GREENVILLE, N.C. (AP) — Irene Cannon scanned the treeline before raising her camera.
The shutter fired rapidly in a series of soft clicks before she lowered it again.
"Did you see that one?" she said with a smile.
It was a near 90-degree day as Cannon waded through knee-high grass toward a line of trees where large, dark, feathered shapes waited.
A retired Ayden-Grifton teacher with 30 years of service, Cannon, 51, now spends her time admiring and chasing a creature that many people don't see in a lifetime — one that represents a nation.
Driving with practiced ease around sharp curves on narrow roads, Cannon headed around the block from her home in Ayden to her favorite place to take photos.
Cannon called it going around the block, but her block is quite a bit bigger than most.
"You could call it 'around the country block,'" she said, laughing.
Cannon's country block includes farm land, homes on large lots, wooded areas and a catfish farm where large vultures, gray herons and bald eagles make their home.
Pulling into a gravel drive fronting three large, man-made ponds full of catfish, Cannon hefted her Nikon DSLR camera and started scanning the sky and the tree lines on three sides of the ponds.
"There's one!" Cannon said, pointing toward a pair of dark wings spread wide across the blue sky, flapping slowly as it gained altitude toward two taller trees.
"You can tell which are eagles and which are buzzards by the way they move their wings," Cannon said. "The buzzards glide, the eagles flap their wings more."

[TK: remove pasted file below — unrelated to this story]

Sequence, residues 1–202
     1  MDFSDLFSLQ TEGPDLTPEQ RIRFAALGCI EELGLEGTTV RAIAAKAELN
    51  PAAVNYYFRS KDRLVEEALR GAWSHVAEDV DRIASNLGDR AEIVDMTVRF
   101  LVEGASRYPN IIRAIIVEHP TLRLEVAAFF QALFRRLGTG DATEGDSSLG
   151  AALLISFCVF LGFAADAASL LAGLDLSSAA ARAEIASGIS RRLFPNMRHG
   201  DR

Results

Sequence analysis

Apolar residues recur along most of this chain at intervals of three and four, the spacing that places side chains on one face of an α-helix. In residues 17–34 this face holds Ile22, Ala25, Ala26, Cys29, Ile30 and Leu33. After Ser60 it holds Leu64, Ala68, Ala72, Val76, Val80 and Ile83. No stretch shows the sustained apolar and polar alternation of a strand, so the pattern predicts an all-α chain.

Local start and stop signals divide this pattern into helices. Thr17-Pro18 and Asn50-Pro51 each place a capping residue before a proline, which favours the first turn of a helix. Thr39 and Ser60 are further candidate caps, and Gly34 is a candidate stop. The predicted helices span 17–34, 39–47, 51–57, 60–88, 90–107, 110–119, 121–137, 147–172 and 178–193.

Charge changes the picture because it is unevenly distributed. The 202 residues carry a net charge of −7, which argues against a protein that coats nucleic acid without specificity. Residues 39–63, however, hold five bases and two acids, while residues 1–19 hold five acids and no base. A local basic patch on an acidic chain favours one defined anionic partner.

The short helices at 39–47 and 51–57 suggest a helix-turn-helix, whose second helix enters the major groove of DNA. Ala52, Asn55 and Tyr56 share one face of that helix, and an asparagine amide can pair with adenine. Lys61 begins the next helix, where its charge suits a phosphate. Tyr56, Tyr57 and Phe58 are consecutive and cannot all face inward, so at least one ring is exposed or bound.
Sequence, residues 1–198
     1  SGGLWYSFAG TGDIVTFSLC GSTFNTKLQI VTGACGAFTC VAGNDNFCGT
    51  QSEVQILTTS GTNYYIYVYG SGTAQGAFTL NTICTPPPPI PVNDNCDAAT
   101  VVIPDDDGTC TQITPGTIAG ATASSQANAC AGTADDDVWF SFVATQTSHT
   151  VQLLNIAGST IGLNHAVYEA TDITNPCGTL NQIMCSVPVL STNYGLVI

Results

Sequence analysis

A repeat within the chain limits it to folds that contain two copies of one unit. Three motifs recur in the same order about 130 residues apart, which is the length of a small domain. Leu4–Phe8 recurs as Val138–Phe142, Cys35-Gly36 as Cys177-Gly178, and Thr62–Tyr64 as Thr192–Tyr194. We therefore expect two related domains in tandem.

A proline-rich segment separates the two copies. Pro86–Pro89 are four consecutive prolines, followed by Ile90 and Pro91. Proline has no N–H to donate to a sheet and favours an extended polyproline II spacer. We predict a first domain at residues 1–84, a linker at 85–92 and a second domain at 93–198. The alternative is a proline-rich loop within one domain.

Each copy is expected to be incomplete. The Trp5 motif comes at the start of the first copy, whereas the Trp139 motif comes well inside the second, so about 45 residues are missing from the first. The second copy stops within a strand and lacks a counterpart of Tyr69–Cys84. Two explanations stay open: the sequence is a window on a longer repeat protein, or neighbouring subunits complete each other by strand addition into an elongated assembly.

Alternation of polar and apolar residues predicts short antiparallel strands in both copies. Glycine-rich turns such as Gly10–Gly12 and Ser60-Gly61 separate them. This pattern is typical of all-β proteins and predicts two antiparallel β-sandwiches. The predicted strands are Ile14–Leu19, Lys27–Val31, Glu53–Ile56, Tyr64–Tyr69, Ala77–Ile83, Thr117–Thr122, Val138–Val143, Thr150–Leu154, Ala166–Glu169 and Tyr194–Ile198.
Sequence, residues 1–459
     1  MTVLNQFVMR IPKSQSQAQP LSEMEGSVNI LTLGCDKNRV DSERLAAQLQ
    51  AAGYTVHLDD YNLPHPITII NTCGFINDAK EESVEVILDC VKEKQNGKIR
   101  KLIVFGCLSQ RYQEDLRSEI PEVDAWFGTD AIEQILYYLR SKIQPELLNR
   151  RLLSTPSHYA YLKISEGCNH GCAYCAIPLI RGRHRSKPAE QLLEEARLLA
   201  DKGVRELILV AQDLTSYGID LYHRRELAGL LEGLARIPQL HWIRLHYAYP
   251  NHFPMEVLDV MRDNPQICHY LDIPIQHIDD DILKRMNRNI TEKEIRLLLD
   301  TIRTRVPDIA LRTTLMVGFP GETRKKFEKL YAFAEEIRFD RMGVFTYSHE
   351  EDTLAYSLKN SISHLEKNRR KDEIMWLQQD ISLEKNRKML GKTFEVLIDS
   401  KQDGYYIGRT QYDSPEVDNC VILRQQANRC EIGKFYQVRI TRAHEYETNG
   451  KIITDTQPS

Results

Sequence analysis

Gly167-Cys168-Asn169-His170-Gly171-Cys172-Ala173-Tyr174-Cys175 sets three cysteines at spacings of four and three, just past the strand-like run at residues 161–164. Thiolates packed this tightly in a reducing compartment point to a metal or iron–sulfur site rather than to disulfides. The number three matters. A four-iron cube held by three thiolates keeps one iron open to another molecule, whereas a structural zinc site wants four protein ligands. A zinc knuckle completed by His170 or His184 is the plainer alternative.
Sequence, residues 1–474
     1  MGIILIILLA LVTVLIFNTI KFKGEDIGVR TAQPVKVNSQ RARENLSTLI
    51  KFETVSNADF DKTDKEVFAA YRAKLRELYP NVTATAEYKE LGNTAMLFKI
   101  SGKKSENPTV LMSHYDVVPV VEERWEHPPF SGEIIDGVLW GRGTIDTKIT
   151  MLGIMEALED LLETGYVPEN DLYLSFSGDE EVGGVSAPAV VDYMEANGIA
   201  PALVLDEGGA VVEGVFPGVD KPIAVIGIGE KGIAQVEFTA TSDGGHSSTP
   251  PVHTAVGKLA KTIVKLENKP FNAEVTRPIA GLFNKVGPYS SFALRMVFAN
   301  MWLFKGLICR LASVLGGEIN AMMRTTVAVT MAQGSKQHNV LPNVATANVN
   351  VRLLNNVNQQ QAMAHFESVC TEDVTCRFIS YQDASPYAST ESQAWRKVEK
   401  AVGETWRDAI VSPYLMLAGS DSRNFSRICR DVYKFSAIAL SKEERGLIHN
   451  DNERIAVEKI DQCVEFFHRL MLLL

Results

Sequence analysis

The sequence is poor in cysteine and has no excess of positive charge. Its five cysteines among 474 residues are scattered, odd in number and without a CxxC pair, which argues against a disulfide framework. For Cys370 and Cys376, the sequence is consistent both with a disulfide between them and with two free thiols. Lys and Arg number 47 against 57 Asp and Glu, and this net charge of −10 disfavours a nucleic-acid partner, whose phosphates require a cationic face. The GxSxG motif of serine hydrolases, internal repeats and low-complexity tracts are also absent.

The bald eagles, one of the nation's protected species, are Cannon's favorite subject to shoot.
"Because it's a challenge," Cannon said. "They're so rare and they're not easy to catch good photos of. They'll fly away if you get too close and they're fast."
Even with her almost uncanny eagle-eye ability to spot the birds — both the white-headed mature adults and the brown speckled juvenile bald eagles — taking photos of the large birds is challenging, especially for a self-taught, nonprofessional, Cannon said.
It's that elusive attitude and a sincere appreciation for the birds of prey that makes the bald eagles attractive subjects for Cannon.
N.C. Wildlife Resources Commission Naturalist Jeff Marcus has called the catfish farm in Cannon's country block one of the largest concentrations of bald eagles he knows of in North Carolina, due most likely to the abundance of food and large trees for roosting.
Just walking with Cannon around the ponds is an educational experience. She can tell the bird's habits and mannerisms, general ages and gender.
"The males have that black ring around their eyes, a longer beak and are usually smaller," Cannon said. "Sometimes it's hard to tell until you take a closer look at the photos."
Surrounded by family photos and more of her own pictures of nearby wildlife, Cannon showed off an album full of newspaper clippings — all of them her shots.
Cannon has been submitting her nature photos to The Daily Reflector since about 2011, beginning with a photo of a doe in her yard. Raccoons, possums, deer, squirrels, foxes, birds of prey and smaller birds, butterflies and other insects are all Cannon's neighbors and photography subjects, the best of which she posts to Facebook.
The photos that get the most attention on Facebook usually are the ones Cannon said she submits to the newspaper, where her work has attracted attention.